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Inherited disorders of the gonadotropin hormones

Authors
 John C Achermann  ;  Jeffrey Weiss  ;  Eun-Jig Lee  ;  J.Larry Jameson 
Citation
 MOLECULAR AND CELLULAR ENDOCRINOLOGY, Vol.179(1-2) : 89-96, 2001 
Journal Title
 MOLECULAR AND CELLULAR ENDOCRINOLOGY 
ISSN
 0303-7207 
Issue Date
2001
MeSH
Animals ; DNA-Binding Proteins/genetics ; DNA-Binding Proteins/metabolism ; Disorders of Sex Development/genetics* ; Disorders of Sex Development/metabolism* ; Female ; Fushi Tarazu Transcription Factors ; Gametogenesis/physiology ; Gonadotropin-Releasing Hormone/genetics ; Gonadotropin-Releasing Hormone/metabolism* ; Gonadotropins/genetics ; Gonadotropins/metabolism* ; Homeodomain Proteins ; Humans ; Kallmann Syndrome/genetics ; Kallmann Syndrome/physiopathology ; Male ; Mutation/genetics ; Pituitary Gland, Anterior/growth & development ; Pituitary Gland, Anterior/physiopathology* ; Receptors, Cytoplasmic and Nuclear ; Steroidogenic Factor 1 ; Transcription Factors/genetics ; Transcription Factors/metabolism
Keywords
DAX-1 ; GnRH ; Gonadotropins ; Kallmann ; Pituitary ; Reproduction ; SF-1
Abstract
Pulsatile GnRH acts at the GnRH receptor on gonadotropes to stimulate gonadotropin gene expression, hormone synthesis and secretion. The pituitary gonadotropins, LH and FSH, stimulate steroid production and gametogenesis in males and in females. Gonadotropin production thus requires the normal development and function of hypothalamic GnRH-producing neurons and pituitary gonadotrope cells. Genes involved in gonadotrope development and/or gene expression include SF1, DAX1, KAL, GNRHR, PC1, HESX1, LHX3, PROP1, LHβ, and FSHβ. Given the complex control of gonadotropin biosynthesis and secretion, it is not surprising that genetic abnormalities have been identified at several of these steps. Some of the mutations that will be reviewed include: (1) SF1 and DAX1-orphan nuclear receptors that are expressed at multiple levels throughout the reproductive axis; (2) KAL-X-linked Kallmann syndrome, where there is abnormal development of hypothalamic GnRH-producing neurons; (3) PC1-causing abnormal processing of GnRH and GNRHR mutations that impair action at the GnRH receptor; (4) HESX1, LHX3, PROP1-abnormal development/function of the gonadotrope cell lineage; (5) LHβ and FSHβ-mutations in the gonadotropin genes that cause structural abnormalities in the hormones. Although all of these gene defects lead to gonadotropin deficiency, each disorder is associated with unique phenotypic or hormonal features. Characterization of the molecular basis of gonadotropin deficiency is useful for directing therapy and for genetic counseling. Identification of these mutations also provides insight into the pathways that govern reproduction.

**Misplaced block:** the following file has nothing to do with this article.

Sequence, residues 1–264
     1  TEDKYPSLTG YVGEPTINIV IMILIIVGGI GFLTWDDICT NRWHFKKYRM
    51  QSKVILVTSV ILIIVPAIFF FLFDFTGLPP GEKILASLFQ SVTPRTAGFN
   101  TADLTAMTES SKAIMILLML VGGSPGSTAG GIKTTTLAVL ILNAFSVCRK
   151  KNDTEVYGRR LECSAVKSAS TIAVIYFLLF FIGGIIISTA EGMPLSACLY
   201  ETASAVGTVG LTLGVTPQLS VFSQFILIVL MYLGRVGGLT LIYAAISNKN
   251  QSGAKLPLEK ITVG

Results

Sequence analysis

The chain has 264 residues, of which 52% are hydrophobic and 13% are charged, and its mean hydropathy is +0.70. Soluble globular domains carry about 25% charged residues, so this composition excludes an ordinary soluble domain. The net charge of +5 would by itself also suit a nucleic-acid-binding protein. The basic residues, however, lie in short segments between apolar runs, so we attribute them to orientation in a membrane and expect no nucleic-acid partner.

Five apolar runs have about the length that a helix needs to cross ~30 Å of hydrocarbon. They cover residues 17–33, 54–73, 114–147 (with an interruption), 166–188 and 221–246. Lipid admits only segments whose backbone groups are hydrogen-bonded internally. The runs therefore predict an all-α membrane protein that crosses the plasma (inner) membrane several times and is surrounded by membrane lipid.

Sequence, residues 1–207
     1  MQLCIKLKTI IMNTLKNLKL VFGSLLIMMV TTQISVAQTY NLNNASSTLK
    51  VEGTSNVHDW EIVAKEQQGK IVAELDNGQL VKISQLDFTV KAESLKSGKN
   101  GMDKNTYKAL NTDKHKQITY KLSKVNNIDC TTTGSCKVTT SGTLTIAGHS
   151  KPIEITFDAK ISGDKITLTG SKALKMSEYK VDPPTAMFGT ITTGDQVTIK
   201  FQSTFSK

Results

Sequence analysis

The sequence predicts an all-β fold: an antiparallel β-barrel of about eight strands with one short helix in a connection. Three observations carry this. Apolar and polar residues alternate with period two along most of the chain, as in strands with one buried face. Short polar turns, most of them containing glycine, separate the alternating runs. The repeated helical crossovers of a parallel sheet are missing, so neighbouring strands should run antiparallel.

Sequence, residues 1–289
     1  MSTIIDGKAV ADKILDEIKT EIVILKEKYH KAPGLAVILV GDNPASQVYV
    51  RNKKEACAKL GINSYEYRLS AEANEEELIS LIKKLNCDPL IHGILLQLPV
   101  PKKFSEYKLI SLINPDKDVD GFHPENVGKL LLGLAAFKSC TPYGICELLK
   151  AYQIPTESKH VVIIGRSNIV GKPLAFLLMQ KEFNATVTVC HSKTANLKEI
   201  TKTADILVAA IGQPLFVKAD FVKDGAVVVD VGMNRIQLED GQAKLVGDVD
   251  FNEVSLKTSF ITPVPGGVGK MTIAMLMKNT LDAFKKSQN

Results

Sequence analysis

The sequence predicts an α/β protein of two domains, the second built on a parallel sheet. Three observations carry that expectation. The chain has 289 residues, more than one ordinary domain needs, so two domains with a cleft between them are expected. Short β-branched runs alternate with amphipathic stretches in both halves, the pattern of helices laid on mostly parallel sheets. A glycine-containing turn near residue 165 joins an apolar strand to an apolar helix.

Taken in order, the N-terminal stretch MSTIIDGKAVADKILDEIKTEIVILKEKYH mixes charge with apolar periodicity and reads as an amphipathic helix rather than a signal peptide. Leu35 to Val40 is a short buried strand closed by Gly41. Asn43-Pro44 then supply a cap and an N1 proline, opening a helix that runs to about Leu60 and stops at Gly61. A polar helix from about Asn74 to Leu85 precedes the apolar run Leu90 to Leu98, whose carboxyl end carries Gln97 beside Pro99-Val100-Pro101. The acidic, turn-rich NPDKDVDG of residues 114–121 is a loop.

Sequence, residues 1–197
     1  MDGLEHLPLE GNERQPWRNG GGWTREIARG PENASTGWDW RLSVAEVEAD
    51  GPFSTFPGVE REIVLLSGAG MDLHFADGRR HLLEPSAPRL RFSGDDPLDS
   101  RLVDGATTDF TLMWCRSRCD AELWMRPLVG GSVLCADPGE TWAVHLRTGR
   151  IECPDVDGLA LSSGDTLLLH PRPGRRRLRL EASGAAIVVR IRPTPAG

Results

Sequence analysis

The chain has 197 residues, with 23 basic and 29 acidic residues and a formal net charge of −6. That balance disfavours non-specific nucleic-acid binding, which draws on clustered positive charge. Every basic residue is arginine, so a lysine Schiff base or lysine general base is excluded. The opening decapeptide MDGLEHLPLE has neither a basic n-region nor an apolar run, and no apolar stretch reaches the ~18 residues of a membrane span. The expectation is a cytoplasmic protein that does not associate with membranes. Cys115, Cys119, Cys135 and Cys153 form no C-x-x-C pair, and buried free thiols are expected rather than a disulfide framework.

Full Text
http://www.sciencedirect.com/science/article/pii/S0303720701004749
DOI
10.1016/S0303-7207(01)00474-9
Appears in Collections:
1. College of Medicine (의과대학) > Dept. of Internal Medicine (내과학교실) > 1. Journal Papers
Yonsei Authors
Lee, Eun Jig(이은직) ORCID logo https://orcid.org/0000-0002-9876-8370
URI
https://ir.ymlib.yonsei.ac.kr/handle/22282913/142953
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